to lie still under the black wheels of machines.
The current flowing to him through the earth
flows past him, and he sees one descended from him,
a young man who has reached into the ground,
his hand held in the dark as by a hand.

From “Rising”
by Wendell Berry

6.
Ended, a story is history;
it is in time, with time
lost. But if a man’s life
continue in another man,
then the flesh will rhyme
its part in immortal song.
By absence, he comes again.

There is a kinship of the fields
that gives to the living the breath
of the dead. The earth
opened in the spring, opens
in all springs. Nameless,
ancient, many-lived, we reach
through the ages with the seed.

It’s our first spring at our (first) house, and it’s exciting to discover the flowers and plants we didn’t know existed when we bought the place late last summer. We’ve planted strawberries and lemon thyme in the front yard around the mailbox and more strawberries in the backyard near the porch, and the seeds we’ve ordered for our vegetable and herb gardens should be coming in any day now. So, for us, it’s a time of surprise and anticipation, of eagerness and hope. It’s also, as with other things, a time of returning. As my husband said while we were preparing the soil around the mailbox, “It’s like being a kid again — digging in the dirt outside.”

Creepiest Songs Playlist

My sister and I have been working on this for years, gradually adding songs to the list as we hear them. The general rule: they have to seem normal (even romantic) until you listen to the lyrics because it’s always creepier when the creepiness sneaks up on you. Like deranged toddlers. It’s delicious. And the work isn’t done yet — like Pokémon fans, we want to catch ’em all. But since it’s that special time of year where we celebrate all things creepy, and because I haven’t posted anything in a while, I figured I’d share what we have so far. Enjoy! And if you can think of any additions, please list them below. (Also, these are in no particular order, and the links go to Youtube videos as official as achievable.)

1. “Private Eyes” by Hall & Oates
H&O are a guilty pleasure of mine, and this song seems really upbeat when you don’t pay attention to the lyrics (which my mom, for one, never does). The first verse even seems pretty run-of-the-mill until you get to the last line before the chorus that says, “You can’t escape my private eyes…” And suddenly it becomes a stalker theme song.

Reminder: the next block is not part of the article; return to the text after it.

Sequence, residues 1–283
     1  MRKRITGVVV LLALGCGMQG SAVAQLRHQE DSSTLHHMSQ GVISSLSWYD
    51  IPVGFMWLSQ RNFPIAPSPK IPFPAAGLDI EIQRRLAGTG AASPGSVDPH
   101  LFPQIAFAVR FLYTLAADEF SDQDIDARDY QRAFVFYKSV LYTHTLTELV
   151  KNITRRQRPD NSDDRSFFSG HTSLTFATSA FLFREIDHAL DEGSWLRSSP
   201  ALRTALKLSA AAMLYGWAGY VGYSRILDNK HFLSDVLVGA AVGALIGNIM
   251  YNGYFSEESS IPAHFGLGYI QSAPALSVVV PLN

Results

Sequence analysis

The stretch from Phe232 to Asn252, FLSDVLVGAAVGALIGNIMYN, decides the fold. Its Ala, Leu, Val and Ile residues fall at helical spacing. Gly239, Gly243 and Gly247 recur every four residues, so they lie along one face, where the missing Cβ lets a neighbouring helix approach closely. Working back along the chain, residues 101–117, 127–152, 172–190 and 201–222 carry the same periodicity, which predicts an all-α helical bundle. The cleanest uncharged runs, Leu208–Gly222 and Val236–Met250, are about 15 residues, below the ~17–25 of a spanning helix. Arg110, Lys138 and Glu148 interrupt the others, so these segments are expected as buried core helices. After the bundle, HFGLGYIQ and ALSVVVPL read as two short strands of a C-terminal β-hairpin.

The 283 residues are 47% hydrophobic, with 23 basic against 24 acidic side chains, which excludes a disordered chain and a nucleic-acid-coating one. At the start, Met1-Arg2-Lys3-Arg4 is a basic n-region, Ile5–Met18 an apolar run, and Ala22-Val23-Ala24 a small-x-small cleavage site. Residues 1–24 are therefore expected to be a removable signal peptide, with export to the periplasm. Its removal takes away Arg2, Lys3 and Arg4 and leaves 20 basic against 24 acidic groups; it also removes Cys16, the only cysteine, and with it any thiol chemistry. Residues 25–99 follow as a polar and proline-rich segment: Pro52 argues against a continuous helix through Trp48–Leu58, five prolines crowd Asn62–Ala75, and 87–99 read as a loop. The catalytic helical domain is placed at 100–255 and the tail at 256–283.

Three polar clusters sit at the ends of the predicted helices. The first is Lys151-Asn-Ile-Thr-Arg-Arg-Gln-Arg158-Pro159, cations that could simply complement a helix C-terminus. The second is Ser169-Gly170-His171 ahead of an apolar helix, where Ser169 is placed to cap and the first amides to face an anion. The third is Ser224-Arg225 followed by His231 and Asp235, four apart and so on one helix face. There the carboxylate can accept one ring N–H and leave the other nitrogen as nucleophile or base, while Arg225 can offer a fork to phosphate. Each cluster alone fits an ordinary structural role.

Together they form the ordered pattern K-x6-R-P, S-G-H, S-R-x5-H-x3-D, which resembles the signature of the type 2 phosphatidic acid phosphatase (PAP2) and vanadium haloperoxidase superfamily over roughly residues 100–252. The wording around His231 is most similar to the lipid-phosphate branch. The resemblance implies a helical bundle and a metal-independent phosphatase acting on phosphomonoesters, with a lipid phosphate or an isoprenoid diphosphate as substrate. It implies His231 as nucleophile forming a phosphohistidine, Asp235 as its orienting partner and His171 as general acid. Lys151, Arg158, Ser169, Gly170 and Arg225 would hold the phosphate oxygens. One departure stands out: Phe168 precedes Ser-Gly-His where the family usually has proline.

2. “Every Breath You Take” by The Police
This is probably the most famous stalker theme song, but it still counts because if you’re not really paying attention to the lyrics, it sounds like a normal, you-broke-my-heart-but-I’m-still-in-love song. But it’s really, really not.

3. “Teddy Bear’s Picnic” by Henry Hall and the BBC Dance Orchestra, featuring vocalist Val Rosing
This is a little different from the others on the list because it sounds super-creepy but is actually — when considering the lyrics alone — just a sweet children’s song from the ’30s. Which makes the song as a whole even creepier.

4. “Sunglasses at Night” by Corey Hart
My sister and I used to laugh about this song — the bad synths, the cheesy, wailing guitar, the fact that Hart seems to think that wearing sunglasses at night makes him cool — until we heard it on the radio on the way to the airport one fateful day. And we realized two things: a) it’s actually pretty awesome (in a cheesy, ’80s pop music way), and b) it’s a classic stalker song filled with veiled threats alluding to switchblades and at the same time trying to be reassuring by telling the beloved, “Don’t be afraid.” Which makes me afraid.

5. “Living Room” by Tegan and Sara
My sister gets the credit for this one. Another stalker song, this time with a banjo. But, admittedly, if Tegan Quin confessed to spending every morning obsessively watching me go about my daily business, I’d invite her in for a glass of wine instead of calling the cops.

6. “One Way or Another” by Blondie
If we were to compare songs to real stalkers, this one would be Stalker Sarah, a little bit older, in heels.

7. “Crash Into Me” by Dave Matthews Band
It really does sound like a regular love song throughout most of it, until you get to 3:17. I won’t spoil the surprise in case you don’t already know what I’m talking about.

8. “One of These Nights” by The Eagles
It took me forever to realize that this was actually a threat veiled in sweet nothings. Don Henley, a love song is no longer romantic if you threaten to come up behind and “get” me.

9. “Don’t You Want Me” by The Human League
Like the Police song above, this one is pretty obviously stalker-creepy, but I didn’t realize it until the Swiffer commercials. I’m going to assume that other people lived the majority of their lives thinking this was just a New Wave dance song, too, and I’m blowing your minds right now.

10. “Aqualung” by Jethro Tull
The line “Sitting on a park bench, eyeing little girls with bad intent” and the later, connected line, “Sitting in the cold sun, watching the frilly panties run” is really all that needs to be mentioned about this song. Also, ick.

11. “I Will Possess Your Heart” by Death Cab for Cutie
Another seemingly normal love song, assuming that the title isn’t a literal vow. But the line at 5:38 changes everything. As casual as he tries to make it sound, it is not okay to look into someone’s window as you “slowly pass.” Maybe it’s not at the stalker level, but it’s still creepy.